Dear Students – 30/31 #SOL20

Dear Students,

I don’t quite know where to begin this letter, or at least, this is the umpteenth time that I’ve begun this letter because writing is all about the drafts, which, of course, you already know, because you heard me say this when we were in class. I mean, I know my purpose for writing, but I worry about my purpose for reading and whether or not this letter will adequately convey the complexity of my thoughts and the incongruence of my emotions. I started drafting an outline, but this isn’t an essay or a poem or a short story or any of the usual forms of writing. This is the kind of message that sort of follows one’s heart.

letter planningAnd, I definitely don’t want this to come off as some tearful, needy, “I am not complete without you” burdening message because, let’s face it, I’m the adult in the room. And that is disingenuous, and no teenager needs to feel the burden of an adult’s emotional life. You need us to keep teaching and supporting your learning, so I think what I want to do in this letter is share a little bit of my learning and we can figure out where this goes.

One of my most significant lessons has been from my writing, here, on this blog. At the beginning of March, I committed to writing a post every day for 31 days, and here I am at Day 30. Wow, I can hardly believe it. There were some days I wasn’t sure if I’d make it and some of my writing really sucked, but there were some days when I just had to just write something and post it without worrying. Just let it go. Stop aiming for perfection in every piece. Get it done and move on.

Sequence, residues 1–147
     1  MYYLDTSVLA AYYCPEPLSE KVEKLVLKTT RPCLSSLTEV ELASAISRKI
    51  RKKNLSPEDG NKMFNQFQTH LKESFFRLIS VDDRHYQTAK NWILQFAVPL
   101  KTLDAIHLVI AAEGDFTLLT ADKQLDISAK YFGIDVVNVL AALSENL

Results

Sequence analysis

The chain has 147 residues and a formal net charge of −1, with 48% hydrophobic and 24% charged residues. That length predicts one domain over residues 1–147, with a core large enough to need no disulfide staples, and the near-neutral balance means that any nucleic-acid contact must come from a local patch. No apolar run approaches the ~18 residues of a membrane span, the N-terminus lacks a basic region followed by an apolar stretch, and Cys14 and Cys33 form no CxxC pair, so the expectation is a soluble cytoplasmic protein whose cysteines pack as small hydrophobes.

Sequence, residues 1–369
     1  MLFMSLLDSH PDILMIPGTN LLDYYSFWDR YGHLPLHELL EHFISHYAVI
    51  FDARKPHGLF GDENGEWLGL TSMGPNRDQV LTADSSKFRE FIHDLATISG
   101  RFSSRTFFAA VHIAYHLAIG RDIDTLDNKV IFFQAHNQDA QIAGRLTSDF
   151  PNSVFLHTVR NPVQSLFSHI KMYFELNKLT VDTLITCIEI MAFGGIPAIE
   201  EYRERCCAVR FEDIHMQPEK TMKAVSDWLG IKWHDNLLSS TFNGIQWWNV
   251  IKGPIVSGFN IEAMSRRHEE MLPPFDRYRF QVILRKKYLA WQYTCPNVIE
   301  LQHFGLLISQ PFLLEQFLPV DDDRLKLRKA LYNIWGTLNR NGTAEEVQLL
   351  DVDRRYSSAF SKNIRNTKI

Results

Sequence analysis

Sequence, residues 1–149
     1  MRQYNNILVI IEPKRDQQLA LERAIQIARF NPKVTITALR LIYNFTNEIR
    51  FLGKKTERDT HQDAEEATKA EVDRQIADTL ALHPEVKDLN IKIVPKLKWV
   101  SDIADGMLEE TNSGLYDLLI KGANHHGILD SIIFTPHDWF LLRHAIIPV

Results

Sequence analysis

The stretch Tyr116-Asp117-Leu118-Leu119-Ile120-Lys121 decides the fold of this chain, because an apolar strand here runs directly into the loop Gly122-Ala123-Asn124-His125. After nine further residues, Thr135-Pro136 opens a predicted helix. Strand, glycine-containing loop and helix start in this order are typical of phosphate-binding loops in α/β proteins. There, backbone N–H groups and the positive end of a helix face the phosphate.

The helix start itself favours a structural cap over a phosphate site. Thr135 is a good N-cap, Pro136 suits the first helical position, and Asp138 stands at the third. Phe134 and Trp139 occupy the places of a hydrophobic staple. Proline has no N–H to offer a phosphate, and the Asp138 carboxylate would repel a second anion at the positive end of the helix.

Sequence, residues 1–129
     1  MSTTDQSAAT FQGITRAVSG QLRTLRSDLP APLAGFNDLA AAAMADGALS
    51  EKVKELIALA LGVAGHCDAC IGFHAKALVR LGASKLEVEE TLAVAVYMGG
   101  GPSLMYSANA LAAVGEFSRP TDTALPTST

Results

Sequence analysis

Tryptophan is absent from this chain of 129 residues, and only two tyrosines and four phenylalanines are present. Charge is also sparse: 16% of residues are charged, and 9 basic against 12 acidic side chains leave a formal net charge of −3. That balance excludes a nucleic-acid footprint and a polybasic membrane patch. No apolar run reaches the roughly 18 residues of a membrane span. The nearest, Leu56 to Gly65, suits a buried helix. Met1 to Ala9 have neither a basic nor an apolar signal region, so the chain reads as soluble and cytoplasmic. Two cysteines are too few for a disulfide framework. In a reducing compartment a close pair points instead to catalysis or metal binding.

I guess what I really learned here is that just like me, you are going to struggle with writing. But, what you need is a teacher that writes. Regularly. In fact, maybe even daily. And another lesson that grew out of this daily practice of writing was a heightened sense of awareness. I started paying closer attention to the world around me, my neighbours, my dog, and this grew a kind of curiosity in me. As I wrote about them, I wondered about their challenges and how they were doing in this time of “social distancing”.

Irony: the opposite of what is expected. Do you see it here? But, maybe it’s more than irony. Maybe it’s a paradox, two seemingly contradictory ideas that hold an essential truth. That is, the physical distancing actually brings us closer to one another socially. Do you think that might be true?

Did I tell you that I’m practicing lessons using Screencastify? It’s taking time to plan, but I think it’s going to be really helpful for learning at home. I’m making a lesson on essay writing, but what I really want to do is make a bunch of lessons on creative writing; how punctuation can convey – remember conveyor belt – ideas in your writing. I want you to look up words and use visuwords to build better ways of expressing your thinking. Furthermore, I could also do a lesson on transitional words, and in light of this opportunity, phrases as well.